The Jeffersonian Legacy
If you ever by chance or design get down to Old Virginia, by Charlottesville, be sure to pass the stone-arch bridge to the base of the road that leads up to Monticello. There, through the gates of a graveyard, you will see a granite obelisk bearing these words:
Here was buried Thomas Jefferson, author of the Declaration of Independence, of the Statute of Virginia for Religious Freedom, and the father of the University of Virginia.
The epitaph, composed by Jefferson himself, is but a modest appraisal in light of his staggering accomplishments. He doesn’t even bother to mention that he was the third president of the U.S. It was, perhaps, the 35th president of the United States, John F. Kennedy, who best captured the remarkable and diverse gifts of his predecessor while giving a toast at a dinner honoring Nobel Prize winners in the arts and sciences. “I think,” said Kennedy, “that this is the most extraordinary collection of human talent that has ever dined at the White House since Thomas Jefferson dined alone.”
Such sentiments could not be relegated to sentimental hyperbole when speaking about this Renaissance man. Not only was Jefferson’s literary gift in the service of human liberty of a high order (“the principles of Jefferson,” Abraham Lincoln would say, “are the definitions and axioms of a free society”), he was also an accomplished statesman, lawyer, farmer, architect, musician, inventor, linguist, geographer, surveyor, botanist, and paleontologist. He delved deeply into Newtonian physics, sought to understand the origin of the rainbow and, along with Benjamin Franklin, was the best chess player in early America. He read Plato in Greek, Cicero in Latin, Montesquieu in French and Cervantes in Spanish. He even attempted, with middling success, to learn Gaelic so he could read the poet Ossian.
Jefferson’s nearly miraculous versatility is widely known and justly celebrated; what is less known is what our 41st president inelegantly referred to as the “vision thing.” Jefferson possessed the quality in abundance when he molded, chiseled and created the United States of America, as we know it today. I’m not referring to the original 13 states but the vast, unsettled West that lay in its future. A “Continental Empire of Liberty” was, for Jefferson, the geographical manifestation of the Latin phrase, ‘E Pluribus Unum’ — out of many, one.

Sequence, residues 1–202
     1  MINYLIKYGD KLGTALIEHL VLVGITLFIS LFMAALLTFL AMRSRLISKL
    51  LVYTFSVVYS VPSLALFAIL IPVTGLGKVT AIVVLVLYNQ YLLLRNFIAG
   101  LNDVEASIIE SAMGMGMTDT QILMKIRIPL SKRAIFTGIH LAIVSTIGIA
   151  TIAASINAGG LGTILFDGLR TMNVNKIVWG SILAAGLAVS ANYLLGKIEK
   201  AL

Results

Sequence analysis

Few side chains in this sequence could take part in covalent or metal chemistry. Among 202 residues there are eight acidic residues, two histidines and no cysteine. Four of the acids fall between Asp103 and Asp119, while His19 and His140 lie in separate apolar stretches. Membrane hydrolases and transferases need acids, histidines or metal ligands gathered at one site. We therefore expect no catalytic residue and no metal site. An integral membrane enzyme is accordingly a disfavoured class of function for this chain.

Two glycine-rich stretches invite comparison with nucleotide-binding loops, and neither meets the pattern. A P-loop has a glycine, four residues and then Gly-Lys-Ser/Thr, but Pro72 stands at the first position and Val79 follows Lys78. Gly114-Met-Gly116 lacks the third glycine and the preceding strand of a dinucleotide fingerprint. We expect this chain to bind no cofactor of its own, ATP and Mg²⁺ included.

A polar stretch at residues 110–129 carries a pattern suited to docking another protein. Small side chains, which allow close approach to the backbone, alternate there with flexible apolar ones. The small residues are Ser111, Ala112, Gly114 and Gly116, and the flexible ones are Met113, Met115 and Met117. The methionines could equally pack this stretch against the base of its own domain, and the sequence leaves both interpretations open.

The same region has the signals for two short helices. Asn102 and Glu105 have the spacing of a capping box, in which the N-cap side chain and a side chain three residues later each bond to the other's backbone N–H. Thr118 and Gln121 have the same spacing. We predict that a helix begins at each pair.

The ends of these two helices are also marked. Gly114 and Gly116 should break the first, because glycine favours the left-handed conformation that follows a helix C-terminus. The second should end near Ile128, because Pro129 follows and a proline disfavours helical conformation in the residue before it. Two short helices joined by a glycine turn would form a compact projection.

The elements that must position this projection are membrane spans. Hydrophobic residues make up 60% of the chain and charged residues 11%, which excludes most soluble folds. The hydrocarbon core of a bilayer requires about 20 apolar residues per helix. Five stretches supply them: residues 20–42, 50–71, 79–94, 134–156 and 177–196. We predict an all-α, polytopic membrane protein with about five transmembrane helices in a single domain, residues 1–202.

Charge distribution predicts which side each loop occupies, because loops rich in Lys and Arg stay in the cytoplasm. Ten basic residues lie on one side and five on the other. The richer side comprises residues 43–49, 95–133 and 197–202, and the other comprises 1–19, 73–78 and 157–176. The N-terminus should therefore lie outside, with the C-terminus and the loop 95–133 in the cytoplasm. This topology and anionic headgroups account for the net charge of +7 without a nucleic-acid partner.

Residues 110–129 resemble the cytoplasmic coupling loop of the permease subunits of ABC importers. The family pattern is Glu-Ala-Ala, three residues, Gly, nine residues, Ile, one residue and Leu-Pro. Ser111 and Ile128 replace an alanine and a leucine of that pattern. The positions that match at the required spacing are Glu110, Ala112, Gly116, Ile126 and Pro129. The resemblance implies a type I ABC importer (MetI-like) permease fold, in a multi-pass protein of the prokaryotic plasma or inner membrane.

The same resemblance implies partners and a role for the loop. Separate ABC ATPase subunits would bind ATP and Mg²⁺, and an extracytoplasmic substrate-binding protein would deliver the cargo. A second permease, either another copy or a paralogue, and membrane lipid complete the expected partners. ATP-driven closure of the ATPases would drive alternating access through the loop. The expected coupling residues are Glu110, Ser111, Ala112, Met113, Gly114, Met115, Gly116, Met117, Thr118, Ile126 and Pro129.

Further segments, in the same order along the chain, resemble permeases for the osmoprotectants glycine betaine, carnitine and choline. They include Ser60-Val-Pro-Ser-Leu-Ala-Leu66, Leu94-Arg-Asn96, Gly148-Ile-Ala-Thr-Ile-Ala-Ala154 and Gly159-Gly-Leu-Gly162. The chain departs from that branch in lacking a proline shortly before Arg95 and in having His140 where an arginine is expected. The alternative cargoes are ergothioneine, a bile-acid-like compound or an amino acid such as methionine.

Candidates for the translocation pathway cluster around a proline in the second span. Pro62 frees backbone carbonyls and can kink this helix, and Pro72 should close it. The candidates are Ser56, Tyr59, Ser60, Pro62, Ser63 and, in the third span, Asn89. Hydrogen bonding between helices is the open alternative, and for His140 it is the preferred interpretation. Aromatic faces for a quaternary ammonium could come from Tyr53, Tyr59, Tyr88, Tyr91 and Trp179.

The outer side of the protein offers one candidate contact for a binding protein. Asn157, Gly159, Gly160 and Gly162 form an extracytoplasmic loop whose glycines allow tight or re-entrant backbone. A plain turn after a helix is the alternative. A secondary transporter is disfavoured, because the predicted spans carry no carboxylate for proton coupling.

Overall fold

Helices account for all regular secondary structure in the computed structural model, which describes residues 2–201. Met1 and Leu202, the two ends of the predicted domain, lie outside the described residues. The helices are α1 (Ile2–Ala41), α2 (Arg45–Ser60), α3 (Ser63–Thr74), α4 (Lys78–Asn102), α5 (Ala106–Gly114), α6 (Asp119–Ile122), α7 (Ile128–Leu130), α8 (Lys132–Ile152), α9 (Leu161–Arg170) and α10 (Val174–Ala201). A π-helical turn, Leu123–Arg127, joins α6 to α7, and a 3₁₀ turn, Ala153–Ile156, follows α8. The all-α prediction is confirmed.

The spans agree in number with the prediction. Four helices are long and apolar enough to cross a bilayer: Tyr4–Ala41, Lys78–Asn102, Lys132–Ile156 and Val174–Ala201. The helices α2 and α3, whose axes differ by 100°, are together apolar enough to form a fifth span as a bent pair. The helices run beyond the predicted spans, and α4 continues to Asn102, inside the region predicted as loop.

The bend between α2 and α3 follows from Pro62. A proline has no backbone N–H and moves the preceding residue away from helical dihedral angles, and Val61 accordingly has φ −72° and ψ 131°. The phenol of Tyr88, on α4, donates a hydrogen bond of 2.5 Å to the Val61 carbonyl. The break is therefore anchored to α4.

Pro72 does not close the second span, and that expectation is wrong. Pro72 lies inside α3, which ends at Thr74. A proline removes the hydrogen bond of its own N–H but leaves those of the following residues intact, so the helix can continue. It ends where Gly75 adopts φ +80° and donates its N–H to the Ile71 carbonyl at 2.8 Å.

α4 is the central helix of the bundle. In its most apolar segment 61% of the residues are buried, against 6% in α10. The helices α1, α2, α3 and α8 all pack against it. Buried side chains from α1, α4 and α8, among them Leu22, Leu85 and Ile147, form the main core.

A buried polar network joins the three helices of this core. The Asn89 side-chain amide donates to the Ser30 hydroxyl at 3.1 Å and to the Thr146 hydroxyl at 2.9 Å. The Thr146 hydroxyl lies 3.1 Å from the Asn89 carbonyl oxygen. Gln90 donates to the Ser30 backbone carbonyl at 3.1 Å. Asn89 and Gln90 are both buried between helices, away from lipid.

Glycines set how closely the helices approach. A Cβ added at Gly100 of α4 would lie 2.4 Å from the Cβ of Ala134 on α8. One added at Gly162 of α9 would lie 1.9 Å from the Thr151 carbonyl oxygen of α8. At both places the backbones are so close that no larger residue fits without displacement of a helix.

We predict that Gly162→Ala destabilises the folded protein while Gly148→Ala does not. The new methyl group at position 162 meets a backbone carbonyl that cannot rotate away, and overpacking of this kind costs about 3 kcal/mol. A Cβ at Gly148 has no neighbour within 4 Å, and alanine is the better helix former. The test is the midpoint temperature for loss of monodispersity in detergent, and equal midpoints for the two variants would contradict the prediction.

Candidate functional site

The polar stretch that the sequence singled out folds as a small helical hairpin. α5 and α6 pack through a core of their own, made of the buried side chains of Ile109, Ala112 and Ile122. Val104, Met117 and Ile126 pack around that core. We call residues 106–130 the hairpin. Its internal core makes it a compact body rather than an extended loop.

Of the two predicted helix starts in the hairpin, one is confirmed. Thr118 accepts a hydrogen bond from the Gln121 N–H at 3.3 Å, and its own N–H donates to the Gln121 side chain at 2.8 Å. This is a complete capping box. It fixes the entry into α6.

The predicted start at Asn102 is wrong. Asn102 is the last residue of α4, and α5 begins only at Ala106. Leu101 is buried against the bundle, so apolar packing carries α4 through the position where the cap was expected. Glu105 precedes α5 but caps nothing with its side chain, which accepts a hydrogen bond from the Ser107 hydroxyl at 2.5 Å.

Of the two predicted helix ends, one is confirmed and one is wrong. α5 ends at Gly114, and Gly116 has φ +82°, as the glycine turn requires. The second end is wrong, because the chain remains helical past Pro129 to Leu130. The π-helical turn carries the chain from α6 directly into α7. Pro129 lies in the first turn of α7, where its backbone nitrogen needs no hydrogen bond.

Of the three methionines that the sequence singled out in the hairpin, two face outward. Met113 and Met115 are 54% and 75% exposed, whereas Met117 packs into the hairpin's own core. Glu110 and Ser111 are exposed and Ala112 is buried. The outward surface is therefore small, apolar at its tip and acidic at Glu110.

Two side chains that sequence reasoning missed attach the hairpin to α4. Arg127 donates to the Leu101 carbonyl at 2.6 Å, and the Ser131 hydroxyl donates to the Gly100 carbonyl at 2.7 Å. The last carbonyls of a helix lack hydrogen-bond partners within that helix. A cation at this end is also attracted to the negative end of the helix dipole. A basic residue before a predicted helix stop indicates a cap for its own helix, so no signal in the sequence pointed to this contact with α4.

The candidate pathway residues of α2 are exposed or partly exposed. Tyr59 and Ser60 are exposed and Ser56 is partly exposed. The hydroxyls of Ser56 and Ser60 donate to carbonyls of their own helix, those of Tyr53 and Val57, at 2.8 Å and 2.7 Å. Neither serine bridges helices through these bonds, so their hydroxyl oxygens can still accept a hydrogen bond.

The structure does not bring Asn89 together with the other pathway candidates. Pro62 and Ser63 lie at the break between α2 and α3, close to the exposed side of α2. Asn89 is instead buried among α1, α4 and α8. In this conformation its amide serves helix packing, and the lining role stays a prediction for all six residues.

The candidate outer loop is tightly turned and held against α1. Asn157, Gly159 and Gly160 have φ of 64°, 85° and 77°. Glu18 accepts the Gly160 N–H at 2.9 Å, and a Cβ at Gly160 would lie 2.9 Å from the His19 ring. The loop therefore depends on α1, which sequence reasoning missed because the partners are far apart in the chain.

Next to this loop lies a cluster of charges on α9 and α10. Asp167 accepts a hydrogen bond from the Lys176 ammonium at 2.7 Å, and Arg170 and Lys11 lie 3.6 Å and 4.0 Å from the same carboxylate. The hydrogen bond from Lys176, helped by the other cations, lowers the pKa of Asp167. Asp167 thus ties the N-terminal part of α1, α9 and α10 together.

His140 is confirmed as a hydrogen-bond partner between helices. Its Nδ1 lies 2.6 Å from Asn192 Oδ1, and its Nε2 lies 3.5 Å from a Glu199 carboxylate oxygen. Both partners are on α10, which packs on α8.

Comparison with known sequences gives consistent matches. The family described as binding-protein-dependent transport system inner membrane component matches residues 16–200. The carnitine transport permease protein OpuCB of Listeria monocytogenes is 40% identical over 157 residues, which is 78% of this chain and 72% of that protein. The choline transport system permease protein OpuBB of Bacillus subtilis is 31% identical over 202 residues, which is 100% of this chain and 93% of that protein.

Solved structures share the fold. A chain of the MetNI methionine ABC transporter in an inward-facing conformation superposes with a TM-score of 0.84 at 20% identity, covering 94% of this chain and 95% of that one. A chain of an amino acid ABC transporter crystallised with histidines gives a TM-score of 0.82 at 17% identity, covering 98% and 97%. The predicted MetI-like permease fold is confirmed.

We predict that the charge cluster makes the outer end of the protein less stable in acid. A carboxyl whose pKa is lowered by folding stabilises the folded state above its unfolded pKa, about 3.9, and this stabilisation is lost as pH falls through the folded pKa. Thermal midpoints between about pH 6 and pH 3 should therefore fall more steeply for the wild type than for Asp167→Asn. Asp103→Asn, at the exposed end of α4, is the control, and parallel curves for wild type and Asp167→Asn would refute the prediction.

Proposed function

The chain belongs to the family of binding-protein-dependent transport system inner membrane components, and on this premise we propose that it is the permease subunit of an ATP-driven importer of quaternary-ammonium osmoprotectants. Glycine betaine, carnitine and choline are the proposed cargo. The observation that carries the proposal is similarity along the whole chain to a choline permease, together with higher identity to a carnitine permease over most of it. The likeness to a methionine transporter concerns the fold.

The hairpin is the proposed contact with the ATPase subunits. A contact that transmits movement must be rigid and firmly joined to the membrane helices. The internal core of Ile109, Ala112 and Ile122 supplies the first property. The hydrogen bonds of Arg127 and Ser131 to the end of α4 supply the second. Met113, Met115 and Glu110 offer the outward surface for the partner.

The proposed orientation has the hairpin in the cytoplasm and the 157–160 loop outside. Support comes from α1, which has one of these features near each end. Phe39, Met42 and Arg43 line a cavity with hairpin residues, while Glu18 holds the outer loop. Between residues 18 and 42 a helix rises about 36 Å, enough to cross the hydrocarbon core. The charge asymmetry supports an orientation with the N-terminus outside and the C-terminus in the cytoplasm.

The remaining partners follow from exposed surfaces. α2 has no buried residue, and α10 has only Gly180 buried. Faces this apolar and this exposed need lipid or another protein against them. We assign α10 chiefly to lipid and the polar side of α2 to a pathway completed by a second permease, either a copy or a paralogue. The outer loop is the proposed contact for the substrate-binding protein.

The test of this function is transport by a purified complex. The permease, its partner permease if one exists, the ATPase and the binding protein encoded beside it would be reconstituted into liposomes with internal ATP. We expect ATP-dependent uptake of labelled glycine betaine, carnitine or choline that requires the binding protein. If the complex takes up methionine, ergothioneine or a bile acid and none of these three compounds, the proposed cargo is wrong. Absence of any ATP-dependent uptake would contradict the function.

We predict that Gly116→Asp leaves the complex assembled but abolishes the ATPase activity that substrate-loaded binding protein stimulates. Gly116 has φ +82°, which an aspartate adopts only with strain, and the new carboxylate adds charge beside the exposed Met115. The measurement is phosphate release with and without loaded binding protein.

A little background: The overwhelming reality about early America was the paucity of its population and the immensity of the land. After America won its independence, its population was clustered near the eastern seaboard, but a vanquished Great Britain had no choice but to give the newly formed Confederation all lands east of the Mississippi. The challenge of the young Republic was the future settlement and administration of these lands. As Americans fanned westward to settle new lands the prospect of the original 13 states becoming a colonial power seemed likely.
But fate intervened when Congress appointed Jefferson chairman of two committees to deal with the West. The reports of the committees, like the Declaration of Independence, were mostly written by him and it set down the general rules regarding the formation of territorial and state governments. A population of 5,000 was the first requisite to establish a territorial government (territories are not yet states which are granted full representation and voting rights) and 60,000 to apply for statehood. The goal, as Jefferson envisioned it, would be to create a union of free states, under one sovereign government, answerable to the people. Territories were subordinate to states, much like colonies, but this condition was a pit stop on the way to full statehood.
In order to establish and demarcate these territories a grid of the West was needed. Jefferson would himself map out 14 territories later to become states and would name 10 of them, under the Land Ordinance of 1785 and the Northwest Ordinance of 1787. The ordinances provided for surveying the land into townships of 36 sections, each supporting four families on 160-acre plots or approximately 25 people per square mile.